What are the guidelines for breast cancer screening?

Dr. Amanda J. Morehouse, MD
Critical Care Surgeon

Recommended breast cancer screenings and frequency of screenings vary based on a variety of factors, including a woman’s age and family history. For example, it is recommended that all women between the ages of 45 and 54 schedule an annual mammogram. However, beginning at age 55 mammograms are recommended only every other year. For younger women who are between the ages of 40 and 44, most experts would suggest that patients should practice caution and seek their primary care physician’s guidance. At any age, breast cancer treatments are more effective when identified at the earliest stage of development.

Genetics is a significant determinant of when and how often a woman should receive her annual mammogram. Most oncologists suggest that in situations where there is a family history of breast cancer, screenings should begin at minimum 10 years prior to the age of the youngest family member who was diagnosed. Please note that in the case of a genetic mediated cancer, the age that screenings should begin will be based on the type of gene and the breast surgeon’s recommendation.

Dr. Randolph P. Martin, MD
Cardiologist (Heart Specialist)

The American College of Obstetricians and Gynecologists (ACOG) released new guidelines advocating for more frequent screening intervals for breast cancer detection. ACOG recommends that women begin having yearly mammograms at age 40. In contrast, the U.S. Preventative Services Task Force (USPSTF) recommended in 2009 that no mammography was needed for low-risk women ages 40 to 50, instead recommending that women receive mammograms every other year beginning at age 50.

With so many different screening recommendations, it can be confusing for women. As a Fellow of the ACOG, I am proud that they are advocating for early detection. Nearly 75 percent of women diagnosed with breast cancer are not high-risk and to only screen high-risk women ages 40 to 50 would miss many cases of cancer. Screening mammography has contributed to a reduction in fatal breast cancer cases. In fact, breast cancer diagnosed in younger women is often more aggressive and fatal, so early detection is crucial.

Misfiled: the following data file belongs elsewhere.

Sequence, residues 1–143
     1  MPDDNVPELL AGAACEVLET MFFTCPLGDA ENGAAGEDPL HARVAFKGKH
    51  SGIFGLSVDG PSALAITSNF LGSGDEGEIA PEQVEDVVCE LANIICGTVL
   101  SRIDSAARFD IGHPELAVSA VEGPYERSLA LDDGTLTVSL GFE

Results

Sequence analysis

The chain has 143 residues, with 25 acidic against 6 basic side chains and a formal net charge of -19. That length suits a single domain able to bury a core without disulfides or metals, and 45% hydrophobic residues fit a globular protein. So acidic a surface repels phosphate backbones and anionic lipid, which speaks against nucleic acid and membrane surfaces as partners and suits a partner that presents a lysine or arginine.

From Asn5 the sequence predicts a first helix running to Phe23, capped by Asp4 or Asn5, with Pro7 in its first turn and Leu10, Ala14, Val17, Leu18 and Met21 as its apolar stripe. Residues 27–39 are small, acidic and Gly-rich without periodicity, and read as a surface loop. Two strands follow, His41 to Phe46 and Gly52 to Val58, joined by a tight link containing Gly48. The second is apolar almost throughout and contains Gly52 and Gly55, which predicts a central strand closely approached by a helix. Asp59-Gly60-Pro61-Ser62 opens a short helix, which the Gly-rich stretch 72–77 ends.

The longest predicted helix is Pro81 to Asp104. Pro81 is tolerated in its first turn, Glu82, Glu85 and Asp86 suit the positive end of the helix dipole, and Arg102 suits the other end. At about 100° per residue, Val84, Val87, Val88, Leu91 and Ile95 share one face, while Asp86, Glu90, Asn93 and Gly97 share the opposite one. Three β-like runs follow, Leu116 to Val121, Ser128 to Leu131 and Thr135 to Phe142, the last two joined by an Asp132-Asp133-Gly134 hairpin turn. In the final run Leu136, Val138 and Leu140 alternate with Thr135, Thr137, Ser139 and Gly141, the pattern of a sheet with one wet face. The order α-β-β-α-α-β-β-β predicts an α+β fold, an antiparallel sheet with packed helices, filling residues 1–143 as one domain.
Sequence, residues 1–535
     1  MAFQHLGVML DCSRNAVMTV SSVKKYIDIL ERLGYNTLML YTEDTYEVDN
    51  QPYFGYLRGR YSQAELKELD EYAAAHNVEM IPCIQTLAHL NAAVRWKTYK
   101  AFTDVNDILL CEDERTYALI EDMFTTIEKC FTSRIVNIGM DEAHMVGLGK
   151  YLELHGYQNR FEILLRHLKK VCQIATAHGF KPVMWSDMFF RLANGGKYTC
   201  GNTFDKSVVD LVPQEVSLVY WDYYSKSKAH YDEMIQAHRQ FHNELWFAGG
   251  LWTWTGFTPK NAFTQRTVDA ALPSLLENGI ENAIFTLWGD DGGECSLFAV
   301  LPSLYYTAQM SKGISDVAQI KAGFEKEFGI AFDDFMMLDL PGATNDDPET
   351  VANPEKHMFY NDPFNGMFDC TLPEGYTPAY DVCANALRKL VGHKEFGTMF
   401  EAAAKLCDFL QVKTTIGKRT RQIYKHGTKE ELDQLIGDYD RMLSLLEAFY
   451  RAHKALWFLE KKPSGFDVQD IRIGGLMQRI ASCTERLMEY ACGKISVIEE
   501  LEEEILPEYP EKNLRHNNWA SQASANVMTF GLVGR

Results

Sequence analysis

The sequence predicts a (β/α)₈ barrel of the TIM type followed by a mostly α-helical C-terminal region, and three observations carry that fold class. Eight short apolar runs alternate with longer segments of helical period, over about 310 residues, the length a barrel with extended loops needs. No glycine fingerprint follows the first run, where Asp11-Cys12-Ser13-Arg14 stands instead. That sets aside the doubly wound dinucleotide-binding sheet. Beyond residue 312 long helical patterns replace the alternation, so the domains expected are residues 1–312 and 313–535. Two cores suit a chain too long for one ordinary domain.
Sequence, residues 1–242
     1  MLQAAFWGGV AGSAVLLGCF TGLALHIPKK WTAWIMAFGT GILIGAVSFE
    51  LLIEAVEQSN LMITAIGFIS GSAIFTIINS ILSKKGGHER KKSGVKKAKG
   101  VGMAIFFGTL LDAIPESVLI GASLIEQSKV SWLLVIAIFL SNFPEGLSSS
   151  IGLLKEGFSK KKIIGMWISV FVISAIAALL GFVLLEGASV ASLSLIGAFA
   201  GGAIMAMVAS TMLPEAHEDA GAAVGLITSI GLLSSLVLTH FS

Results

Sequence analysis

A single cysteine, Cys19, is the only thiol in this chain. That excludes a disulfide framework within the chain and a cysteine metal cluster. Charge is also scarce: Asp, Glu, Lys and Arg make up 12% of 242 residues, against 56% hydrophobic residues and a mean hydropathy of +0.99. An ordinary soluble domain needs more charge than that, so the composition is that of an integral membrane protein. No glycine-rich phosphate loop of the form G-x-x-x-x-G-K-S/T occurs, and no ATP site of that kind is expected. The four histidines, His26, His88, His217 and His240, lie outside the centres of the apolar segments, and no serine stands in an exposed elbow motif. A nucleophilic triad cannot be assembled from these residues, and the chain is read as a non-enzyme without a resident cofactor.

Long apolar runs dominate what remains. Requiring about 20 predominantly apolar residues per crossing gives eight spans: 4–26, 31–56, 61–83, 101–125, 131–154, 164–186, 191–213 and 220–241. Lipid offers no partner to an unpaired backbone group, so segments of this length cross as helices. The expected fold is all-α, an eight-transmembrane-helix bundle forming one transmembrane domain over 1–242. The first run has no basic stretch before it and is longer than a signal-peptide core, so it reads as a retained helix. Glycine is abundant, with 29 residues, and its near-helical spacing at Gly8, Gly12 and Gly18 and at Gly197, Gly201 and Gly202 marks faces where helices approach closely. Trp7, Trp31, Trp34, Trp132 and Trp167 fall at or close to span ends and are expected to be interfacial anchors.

It is also very important for women to be aware of their individual risk for breast cancer. They may be candidates for BRCA1 or BRCA2 gene testing, which might suggest more extensive screening that could lead to early detection.

Overall, I believe women want as much preventive medicine as we can give them. Every woman should discuss preventive care with their OB/GYN at their annual well-woman exam.

The national cancer advisory organizations sometimes do not agree about specific cancer guidelines, often making it confusing to the public about what to do. That is why you should err on the side of caution by always consulting a healthcare professional to help advise you about what to do, given your personal family health history.

The United States Preventive Services Task Force (USPSTF) recommends that all women ages 40-50 consult with their doctor to decide if screening is appropriate. USPSTF guidelines also recommend that women begin routine screening for breast cancer with mammography at age 50. This is the guideline that most women should follow, as it is largely based on medical evidence that screening will result in more good than harm.

Other guidelines differ. Patients should discuss their risk for breast cancer and the possible benefits and uncertainties of screening with their doctor before being screened.

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Important: This content reflects information from various individuals and organizations and may offer alternative or opposing points of view. It should not be used for medical advice, diagnosis or treatment. As always, you should consult with your healthcare provider about your specific health needs.